Tag Archives: St Magnus the Martyr

St Magnus the Martyr

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On this day in either 1117 or 1118 (sources differ), Magnus Erlendssen, the piously Christian Earl of Orkney, was murdered on the island of Egilsay.

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The City of London church dedicated to him was probably originally built in the twelfth century, sometime after his sanctification in  1135.  It was subsequently rebuilt by Christopher Wren between 1671-87, after having been burned down in the Great Fire of London in 1666, and despite eighteenth- to twentieth- century modifications and restorations  retains much of the  “inexplicable splendour of Ionian white and gold” alluded to by T.S. Eliot in his 1922 poem “The Waste Land”.

Miles Coverdale (1487-1569), who, with William Tyndale, published the first authorised version of the Bible in English in 1539, and who was church rector here between 1564-66, is buried here.  Henry Yevele (c. 1320-1400), who was the master mason to three successive kings, Edward III, Richard II and Henry IV, between c. 1360-1400, during which time he either built or rebuilt much of Westminster Abbey and the Palace of Westminster,  is also buried here.

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Among the many treasures inside the church are: a modern statue and stained-glass window depicting St Magnus in a horned Viking helmet …

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… further modern stained-glass windows depicting the churches of St Margaret New Fish Street and St Michael Crooked Lane, burned down in the Great Fire of 1666, and the chapel of St Thomas a Becket on Old London Bridge, demolished in 1831 …

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… and a modern scale-model of the bridge as it would have looked in its Medieval heyday.

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On the outside wall is a Corporation Blue Plaque marking the approach to the Old London Bridge, built between 1179-1206.

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Nearby are some stones from the bridge, and a timber from the Roman wharf purporting to date to 78, but in fact recently shown on tree-ring evidence to date to 62, i.e., the year after the destruction of Roman Londinium during the Boudiccan Revolt.

 

Blessing of the River Thames

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Next Sunday is the day of the annual ceremony of the “Blessing of the River Thames”.  Representatives from the church of St Magnus the Martyr and from Southwark Cathedral will process from their respective starting points on the north and south banks of the Thames to meet at a point midway across the river on London Bridge.  There, at 12:30, they will jointly conduct a short religious service blessing the river, during which a wooden cross will be cast into it.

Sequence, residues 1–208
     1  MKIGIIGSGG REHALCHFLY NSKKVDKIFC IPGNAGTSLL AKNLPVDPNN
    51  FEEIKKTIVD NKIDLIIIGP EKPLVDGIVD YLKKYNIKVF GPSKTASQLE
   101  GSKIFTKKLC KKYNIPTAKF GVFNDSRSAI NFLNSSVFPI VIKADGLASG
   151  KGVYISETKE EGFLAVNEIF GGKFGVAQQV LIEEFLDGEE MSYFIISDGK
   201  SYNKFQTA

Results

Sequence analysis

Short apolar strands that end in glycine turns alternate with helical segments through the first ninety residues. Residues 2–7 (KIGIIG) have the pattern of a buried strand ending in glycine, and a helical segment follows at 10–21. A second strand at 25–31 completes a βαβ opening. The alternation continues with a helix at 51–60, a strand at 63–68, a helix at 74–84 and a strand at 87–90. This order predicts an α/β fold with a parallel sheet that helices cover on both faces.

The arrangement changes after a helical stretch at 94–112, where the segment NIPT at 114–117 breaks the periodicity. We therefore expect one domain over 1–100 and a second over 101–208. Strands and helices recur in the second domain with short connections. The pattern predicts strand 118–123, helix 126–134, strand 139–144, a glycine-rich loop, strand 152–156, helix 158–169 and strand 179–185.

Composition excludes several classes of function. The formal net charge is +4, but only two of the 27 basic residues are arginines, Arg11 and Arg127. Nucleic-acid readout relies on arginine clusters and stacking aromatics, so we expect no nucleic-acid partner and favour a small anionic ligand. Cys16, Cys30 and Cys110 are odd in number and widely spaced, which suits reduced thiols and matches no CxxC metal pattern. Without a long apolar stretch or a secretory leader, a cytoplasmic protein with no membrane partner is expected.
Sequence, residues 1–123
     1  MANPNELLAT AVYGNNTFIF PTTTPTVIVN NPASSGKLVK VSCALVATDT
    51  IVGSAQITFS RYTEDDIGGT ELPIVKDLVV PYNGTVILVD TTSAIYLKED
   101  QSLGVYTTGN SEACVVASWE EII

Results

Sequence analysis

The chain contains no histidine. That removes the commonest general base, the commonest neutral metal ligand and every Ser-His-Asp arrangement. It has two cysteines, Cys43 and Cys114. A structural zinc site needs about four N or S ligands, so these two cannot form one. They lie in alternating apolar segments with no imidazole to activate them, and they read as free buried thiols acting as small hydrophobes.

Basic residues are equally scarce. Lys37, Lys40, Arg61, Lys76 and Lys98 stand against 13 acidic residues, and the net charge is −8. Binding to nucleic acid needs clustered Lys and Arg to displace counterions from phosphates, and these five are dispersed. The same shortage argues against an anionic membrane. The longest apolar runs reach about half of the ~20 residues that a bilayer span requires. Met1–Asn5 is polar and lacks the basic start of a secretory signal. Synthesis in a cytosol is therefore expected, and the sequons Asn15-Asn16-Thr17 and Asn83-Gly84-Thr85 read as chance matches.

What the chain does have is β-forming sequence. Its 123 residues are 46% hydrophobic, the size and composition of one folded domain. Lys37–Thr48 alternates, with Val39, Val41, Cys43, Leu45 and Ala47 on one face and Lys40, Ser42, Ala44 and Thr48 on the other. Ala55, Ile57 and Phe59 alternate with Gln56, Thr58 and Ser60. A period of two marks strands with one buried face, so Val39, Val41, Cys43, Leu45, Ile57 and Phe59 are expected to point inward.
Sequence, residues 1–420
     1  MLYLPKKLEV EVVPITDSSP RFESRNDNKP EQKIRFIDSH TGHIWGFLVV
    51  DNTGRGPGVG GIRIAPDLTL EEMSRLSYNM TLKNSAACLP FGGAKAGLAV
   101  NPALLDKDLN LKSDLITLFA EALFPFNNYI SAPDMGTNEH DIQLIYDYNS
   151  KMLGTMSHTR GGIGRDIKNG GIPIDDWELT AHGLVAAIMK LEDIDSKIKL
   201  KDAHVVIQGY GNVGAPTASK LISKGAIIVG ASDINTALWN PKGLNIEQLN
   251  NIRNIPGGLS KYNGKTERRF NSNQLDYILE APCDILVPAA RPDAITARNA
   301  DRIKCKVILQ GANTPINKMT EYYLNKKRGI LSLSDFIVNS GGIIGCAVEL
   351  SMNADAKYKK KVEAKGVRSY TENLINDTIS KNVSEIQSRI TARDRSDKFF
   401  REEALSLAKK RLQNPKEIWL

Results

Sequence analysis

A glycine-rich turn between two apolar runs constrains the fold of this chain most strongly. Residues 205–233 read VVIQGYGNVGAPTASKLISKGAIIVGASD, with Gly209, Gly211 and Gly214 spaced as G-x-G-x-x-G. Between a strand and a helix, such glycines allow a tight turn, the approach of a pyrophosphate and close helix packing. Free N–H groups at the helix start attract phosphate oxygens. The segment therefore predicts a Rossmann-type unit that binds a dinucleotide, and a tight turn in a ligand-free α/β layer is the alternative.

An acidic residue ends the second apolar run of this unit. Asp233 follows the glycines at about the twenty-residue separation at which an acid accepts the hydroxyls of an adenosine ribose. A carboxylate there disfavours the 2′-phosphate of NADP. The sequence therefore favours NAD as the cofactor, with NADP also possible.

St Thomas (a) Becket

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Services will be held in two City of London locations tomorrow around touring relics associated with  St Thomas (a) Becket, on temporary loan from the Basilica of Esztergom in Hungary.

The first service will be a private one  held in the chapel dedicated to St Thomas in the Mercers’ Hall off Cheapside, near where he was born.

The second will be a public one, commencing at 3:00 pm, in the church of St Magnus the Martyr on Thames Street, which for many years maintained supervision of the chapel of St Thomas on “old” London Bridge (the chapel was dissolved during the reign of Edward VI in the mid-sixteenth century,  and eventually demolished until the mid-eighteenth).  From London, the relics  will be taken to Canterbury.

Becket was born in Cheapside in London in c. 1119, the son of Gilbert, a merchant of Norman ancestry, and Matilda.  He was educated at Merton Priory, and later at one of the  grammar schools    in London, possibly St Paul’s, before entering the church, and rising to become Archdeacon of Canterbury in 1154, and eventually Archbishop of Canterbury in 1162.

Martyrdom of Becket

In 1170, he fell into a dispute with the King, Henry II, over the rights and privileges of the church, and  on December 29th that year was  murdered by four of the king’s men while conducting vespers in Canterbury Cathedral.    After his death he came to be venerated as a martyr, and was made a saint by Pope Alexander III in 1173.  His  tomb-cum-shrine in Canterbury Cathedral soon became an important pilgrimage site, and remained so  until it was destroyed during the Dissolution of the Monasteries under Henry VIII in 1538.   From 1209, pilgrims from London were able to travel to Canterbury by way of the newly-opened  “old” London Bridge, work on which began  in 1176.